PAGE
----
Trampled Rose

Recently a central Coast icon was sadly demolished. The Castle Rose was a mysterious monument in my local area, in the suburb Buff Point. The castle was a strange and beautiful anomaly amongst suburbia, easily one of the most interesting buildings on the coast. Known by locals through the stuff of folklore, the castle was attributed to ambitious creator Bill Muncke.

Legend had it that Bill was constructing a castle for his queen, his wife, bringing materials over across Tuggerah lake. Building started in the late 1940’s. Due to an injury he was unable to continue the building and his wife died before the castle was ever finished. Perhaps then losing the steam to continue on it the castle was sold in the late 70’s.

Photo: Christopher Halling. For some more amazing pictures see ‘here

Research Blog:

I’m currently conducting some music research as part of a PhD, so I’ve decided to set up a research blog as a way to document & share the project.

Lastest post is on a presentation in October as part of the the Musicological Society of Australia’s Annual Conference (Which this year will also be a bit of a celebration of Sydney Con turning 100!)

Internet Show & Tell No.2: O-Bon

The end of July marks O-bon time in Japan, a tradition honouring ancestors. Based on the old Lunar calendar, many families go off visiting their home villages to visit their loved ones from both sides, on what amongst the living falls around the date of July 15th.

Of course you can’t let your ghosts go hungry…O-bon refers to the container of offerings. This can be food for your otherworldly guests or something else that’s pleasing, like some ethereal floating lanterns.

Photo: Mitchell Adams (2006) Sourced from Flickr.
Photo: Mitchell Adams (2006) Sourced from Flickr.

As could be expected a unique kind of O-bon folk music & dance get a work out in celebrations:

As O-bon is also known as Hungry Ghost Month, i’ll throw in another folk song about ghosts for good measure (& as there are many to choose from!). This one’s an English ballad, referred to as Child Ballad 78 or The Unquiet Grave performed by the lovely Joan Baez:

For a much more comprehensive look at O-bon/Hungry Ghost Month

Internet Show & Tell no.1: Kalt

In an attempt to blog more regularly, I decided I’d like to share something musical or interesting that I come across on the internet each week (though this might end up more of a fortnightly habit). This week… Kælan Mikla’s video for their new song Kalt.

The band is an Icelandic group that began in poetry slams. The band have said writing in their native language is naturally an expressive vehicle for conveying their poetic meaning (More here…). They’ve also said that they didn’t understand how they attract an audience outside of Iceland, where the meanings of the lyrics are obscured.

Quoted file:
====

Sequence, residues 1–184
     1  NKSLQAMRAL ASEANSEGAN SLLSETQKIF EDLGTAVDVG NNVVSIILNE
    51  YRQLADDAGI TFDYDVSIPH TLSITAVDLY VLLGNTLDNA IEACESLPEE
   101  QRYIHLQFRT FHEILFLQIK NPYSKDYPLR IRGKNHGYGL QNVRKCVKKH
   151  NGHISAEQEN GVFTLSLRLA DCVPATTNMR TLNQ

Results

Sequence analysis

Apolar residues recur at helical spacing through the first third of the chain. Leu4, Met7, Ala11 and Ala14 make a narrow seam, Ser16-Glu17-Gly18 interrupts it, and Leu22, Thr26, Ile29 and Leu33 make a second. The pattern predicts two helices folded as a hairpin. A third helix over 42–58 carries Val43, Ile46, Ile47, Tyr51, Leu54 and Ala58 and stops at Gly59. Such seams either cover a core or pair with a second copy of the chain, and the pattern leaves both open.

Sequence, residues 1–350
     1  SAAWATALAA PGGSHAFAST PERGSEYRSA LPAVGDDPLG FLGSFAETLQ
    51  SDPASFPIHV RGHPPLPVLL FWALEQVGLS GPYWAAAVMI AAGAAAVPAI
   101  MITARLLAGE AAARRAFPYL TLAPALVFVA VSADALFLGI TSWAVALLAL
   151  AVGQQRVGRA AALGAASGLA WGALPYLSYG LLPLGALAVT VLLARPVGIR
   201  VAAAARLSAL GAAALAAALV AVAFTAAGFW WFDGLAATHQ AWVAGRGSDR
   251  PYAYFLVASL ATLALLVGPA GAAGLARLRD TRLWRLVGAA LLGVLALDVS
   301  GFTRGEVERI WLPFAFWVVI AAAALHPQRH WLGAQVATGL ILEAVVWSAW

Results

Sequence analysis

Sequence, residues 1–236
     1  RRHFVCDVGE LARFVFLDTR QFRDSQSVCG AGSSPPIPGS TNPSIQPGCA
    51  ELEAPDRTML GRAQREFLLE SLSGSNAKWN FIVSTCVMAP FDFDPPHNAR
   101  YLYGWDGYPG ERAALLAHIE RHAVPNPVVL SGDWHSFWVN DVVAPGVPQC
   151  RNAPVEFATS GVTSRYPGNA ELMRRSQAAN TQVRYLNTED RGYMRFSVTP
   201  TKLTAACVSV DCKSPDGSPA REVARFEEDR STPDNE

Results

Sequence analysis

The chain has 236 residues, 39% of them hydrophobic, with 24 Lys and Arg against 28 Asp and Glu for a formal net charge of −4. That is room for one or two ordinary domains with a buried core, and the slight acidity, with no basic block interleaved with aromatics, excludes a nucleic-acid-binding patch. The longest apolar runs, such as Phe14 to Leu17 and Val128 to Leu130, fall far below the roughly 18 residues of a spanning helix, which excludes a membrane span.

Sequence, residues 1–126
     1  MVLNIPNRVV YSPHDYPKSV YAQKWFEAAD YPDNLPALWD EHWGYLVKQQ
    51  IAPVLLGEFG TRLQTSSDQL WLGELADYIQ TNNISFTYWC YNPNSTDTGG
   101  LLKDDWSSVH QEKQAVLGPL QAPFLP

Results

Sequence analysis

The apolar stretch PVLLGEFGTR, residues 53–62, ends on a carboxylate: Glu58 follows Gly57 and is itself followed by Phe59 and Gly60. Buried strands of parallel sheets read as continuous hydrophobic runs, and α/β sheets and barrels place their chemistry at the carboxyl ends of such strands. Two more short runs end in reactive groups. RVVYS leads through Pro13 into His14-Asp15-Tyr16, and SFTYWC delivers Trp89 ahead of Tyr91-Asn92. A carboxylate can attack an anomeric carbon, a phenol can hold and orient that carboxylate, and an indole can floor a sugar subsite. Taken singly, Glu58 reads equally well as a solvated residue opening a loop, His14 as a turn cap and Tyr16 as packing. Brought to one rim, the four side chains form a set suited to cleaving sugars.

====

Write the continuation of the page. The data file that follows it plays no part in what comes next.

The music to me isn’t instantly hypnotic but is quickly elevated though a building visceral energy. There’s something very aesthetically pleasing about the words. They seem perfectly picked. The consonants have great attack and are so interesting to an English speaker. Even though I can’t fully understand the words with all their connotations (though I did google translate), it’s provocative.

Beginning of a New Term

This weeks starts the new term. Lessons start up again, new fresh-page notebooks and some fun ideas that I anticipate trying out. This dark rainy weather makes it particularly easy to stay in and organise folders and tidy up.

Over the course of preparation i’ve burnt out pretty much all of my nice candles trying to make an ambience of my work space, but I thought I share a little music that has been beautifying the room over the past week or so…

In a low-res glowy halo…George Harrison Paul Simon- Here Comes the Sun:

From one of my favourite ‘Berlin Bowie’ records, Low, Always Crashing in the Same Car:

In other news, I’ve recently started volunteering at Norah Head lighthouse. Tours of the building run daily until 1.30pm

The lighthouse on a sunny day
The lighthouse on a sunny day

Creating Space

Yves Saint Laurent's workspace by Hedi Slimane
Yves Saint Laurent’s workspace by Hedi Slimane

A peaceful and inviting studio or practice space make can make a big difference to your musical practice. Yoga studios and art rooms are more often good examples of inviting and purpose driven spaces. You don’t need to have grand space or even a full room but carving out your ‘own space’ can inspired and enrich your practice.

Here’s five things that can make a space ideal for a focused singing practice…
Stock your space with tea or water to keep hydrated. The steam of a nice herbal tea will fill with the room with a nice scent without drying the air like a scented candle. Steam is very beneficial for your voice.

West Elm Owl Teapot Set
West Elm Owl Teapot Set

Air is important for singers, so keep your practice space or studio refreshed and clean. You could add some indoor plants to naturally filter the air or keep a window open for a bit each day.

Anthropologie 'Carnival pots'
Anthropologie ‘Carnival pots’

I’m a bit guilty of letting piles of sheet music, books and notes accumulate, but nothing says ‘calm’ like a good looking, well kept bookshelf.

Illustration by Quentin Blake for Roald Dahl's Matilda
Illustration by Quentin Blake for Roald Dahl’s Matilda

A space with good natural light is ideal, but you can supplement with the soft light of lamps to avoid a stark and clinical atmosphere. Mirrors are also great, serving multiple purposes- checking posture and presence, as well as reflecting light and creating the illusion of space.

open window

It’s important to make your studio or practice space somewhere inviting and where you’d like to spend time. Put your own spin onto it and add your own little vignettes, maybe through art or sentimental objects.


images via pinterest